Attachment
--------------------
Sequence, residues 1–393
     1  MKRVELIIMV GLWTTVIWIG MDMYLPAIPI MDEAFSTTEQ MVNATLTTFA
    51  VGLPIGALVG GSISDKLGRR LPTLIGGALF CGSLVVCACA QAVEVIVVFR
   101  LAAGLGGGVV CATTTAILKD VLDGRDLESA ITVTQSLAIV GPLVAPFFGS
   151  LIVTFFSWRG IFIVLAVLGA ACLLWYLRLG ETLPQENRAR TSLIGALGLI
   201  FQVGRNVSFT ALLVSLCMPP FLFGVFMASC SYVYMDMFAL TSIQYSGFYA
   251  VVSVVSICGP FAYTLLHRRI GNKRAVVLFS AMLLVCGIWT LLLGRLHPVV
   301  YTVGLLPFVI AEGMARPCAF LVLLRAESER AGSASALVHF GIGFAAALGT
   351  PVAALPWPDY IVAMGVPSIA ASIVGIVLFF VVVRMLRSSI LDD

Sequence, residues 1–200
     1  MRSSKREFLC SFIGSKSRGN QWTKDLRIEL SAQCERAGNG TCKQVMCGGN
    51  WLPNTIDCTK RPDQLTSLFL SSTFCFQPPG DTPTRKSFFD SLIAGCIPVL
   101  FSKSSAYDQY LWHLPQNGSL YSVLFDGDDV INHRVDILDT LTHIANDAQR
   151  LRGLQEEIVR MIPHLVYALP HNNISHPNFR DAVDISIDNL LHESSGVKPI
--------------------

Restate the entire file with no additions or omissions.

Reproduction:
Sequence, residues 1–393
     1  MKRVELIIMV GLWTTVIWIG MDMYLPAIPI MDEAFSTTEQ MVNATLTTFA
    51  VGLPIGALVG GSISDKLGRR LPTLIGGALF CGSLVVCACA QAVEVIVVFR
   101  LAAGLGGGVV CATTTAILKD VLDGRDLESA ITVTQSLAIV GPLVAPFFGS
   151  LIVTFFSWRG IFIVLAVLGA ACLLWYLRLG ETLPQENRAR TSLIGALGLI
   201  FQVGRNVSFT ALLVSLCMPP FLFGVFMASC SYVYMDMFAL TSIQYSGFYA
   251  VVSVVSICGP FAYTLLHRRI GNKRAVVLFS AMLLVCGIWT LLLGRLHPVV
   301  YTVGLLPFVI AEGMARPCAF LVLLRAESER AGSASALVHF GIGFAAALGT
   351  PVAALPWPDY IVAMGVPSIA ASIVGIVLFF VVVRMLRSSI LDD

Sequence, residues 1–200
     1  MRSSKREFLC SFIGSKSRGN QWTKDLRIEL SAQCERAGNG TCKQVMCGGN
    51  WLPNTIDCTK RPDQLTSLFL SSTFCFQPPG DTPTRKSFFD SLIAGCIPVL
   101  FSKSSAYDQY LWHLPQNGSL YSVLFDGDDV INHRVDILDT LTHIANDAQR
   151  LRGLQEEIVR MIPHLVYALP HNNISHPNFR DAVDISIDNL LHESSGVKPI